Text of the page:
As part of a major global effort to encourage ratification and implementation of the Cape Town Agreement, IMO and The Pew Charitable Trusts organised a roundtable event during the Global Fishery Forum in St. Petersburg, Russian Federation (13 September).

IMO’s Cape Town Agreement on fishing vessel safety provides a solid platform for improving fishers’ safety at sea and combating illegal, unreported and unregulated (IUU) fishing by facilitating better control of fishing vessel safety by flag, port and coastal States. It currently has 10 Contracting States, but needs 22 for entry into force, along with a required number of aggregate fishing vessels.

Continue reading Global Fishery Forum on Fishing Vessel Safety

15
Sep

Source: The Economist

Illegal, unreported and unregulated. The business of off-the-books ocean fishing, abbreviated to IUU by international organisations, is a big one, worth many billions of dollars a year. Estimates of the annual catch landed beyond the authorities’ notice range from 11m to 26m tonnes. That is on top of an official catch of a bit under 90m tonnes a year. Given the belief of most fisheries scientists that even permitted extractions are doing great damage to marine ecosystems, this is worrying. But policing the oceans is hard, meaning that, more often than not, IUU fishermen get away with it.

This, though, is changing. New ways of watching from space may turn the tables on illicit fishing, heralding an era in which keen eyes follow every fishing boat, all the time. At the least, this will make clear who is turning a blind eye to the IUU brigade. The excuse that “we didn’t know what was going on” will become untenable.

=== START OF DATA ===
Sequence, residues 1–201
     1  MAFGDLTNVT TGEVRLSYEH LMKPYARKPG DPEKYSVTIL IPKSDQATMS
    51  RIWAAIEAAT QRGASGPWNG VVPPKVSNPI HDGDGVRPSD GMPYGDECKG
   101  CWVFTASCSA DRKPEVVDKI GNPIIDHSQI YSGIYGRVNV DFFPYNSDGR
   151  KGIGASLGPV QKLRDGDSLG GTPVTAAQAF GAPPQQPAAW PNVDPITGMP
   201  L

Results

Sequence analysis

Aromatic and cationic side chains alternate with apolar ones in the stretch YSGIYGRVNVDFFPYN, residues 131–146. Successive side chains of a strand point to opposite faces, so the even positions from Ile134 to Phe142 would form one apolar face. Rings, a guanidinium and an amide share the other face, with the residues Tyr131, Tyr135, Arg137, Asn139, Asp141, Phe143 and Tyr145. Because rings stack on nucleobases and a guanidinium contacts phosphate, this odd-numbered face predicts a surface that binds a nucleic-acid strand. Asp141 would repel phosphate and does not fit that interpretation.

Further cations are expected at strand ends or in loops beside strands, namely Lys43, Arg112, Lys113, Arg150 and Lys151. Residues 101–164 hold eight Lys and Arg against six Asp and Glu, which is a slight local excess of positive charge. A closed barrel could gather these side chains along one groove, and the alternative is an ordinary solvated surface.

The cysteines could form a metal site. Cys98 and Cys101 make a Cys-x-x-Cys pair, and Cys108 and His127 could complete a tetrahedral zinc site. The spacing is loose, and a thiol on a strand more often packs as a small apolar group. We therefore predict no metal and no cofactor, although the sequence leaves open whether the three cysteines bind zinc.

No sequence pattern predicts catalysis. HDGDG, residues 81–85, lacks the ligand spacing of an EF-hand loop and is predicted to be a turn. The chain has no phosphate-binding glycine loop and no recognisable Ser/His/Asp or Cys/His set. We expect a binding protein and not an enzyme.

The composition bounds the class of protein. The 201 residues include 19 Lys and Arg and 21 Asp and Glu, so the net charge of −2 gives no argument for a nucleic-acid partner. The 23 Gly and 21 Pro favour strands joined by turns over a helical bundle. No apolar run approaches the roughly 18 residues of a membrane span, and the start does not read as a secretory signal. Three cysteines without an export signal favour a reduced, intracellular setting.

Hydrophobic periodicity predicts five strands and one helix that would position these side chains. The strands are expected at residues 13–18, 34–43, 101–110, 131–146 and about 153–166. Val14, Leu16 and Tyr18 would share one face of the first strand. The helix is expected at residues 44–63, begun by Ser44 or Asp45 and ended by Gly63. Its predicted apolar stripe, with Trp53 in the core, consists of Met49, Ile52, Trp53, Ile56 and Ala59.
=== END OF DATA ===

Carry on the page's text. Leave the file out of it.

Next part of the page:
Read the full article

13
Sep

Source: EJF

The Environmental Justice Foundation (EJF) has documented gross human rights violations and serious illegal fishing offences aboard the Taiwanese Fuh Sheng 11 – the first vessel in the world to be detained for violating new international standards of decent work in the fishing industry. Taiwan had the opportunity to take action against the vessel earlier in the year after its detention by South Africa but instead conducted a botched inspection, announced there were no human rights issues and allowed it to go free.

Crew members told EJF of beatings from the captain, 22-hour working days and serious injuries to crew working in dangerous conditions. They also reported that the vessel had illegally finned sharks, including endangered hammerheads.

In May, the Taiwanese vessel Fuh Sheng 11 became the first ever to be detained under the International Labour Organization’s (ILO’s) Work in Fishing Convention C188. South African officials cited a lack of work agreements and crew list, rotten lifebuoys, missing anchors and generally poor health and safety conditions, but the situation is much graver than first thought, the EJF investigation and film has revealed.

Continue reading Abuse and illegal fishing aboard Taiwanese vessel let slip through the net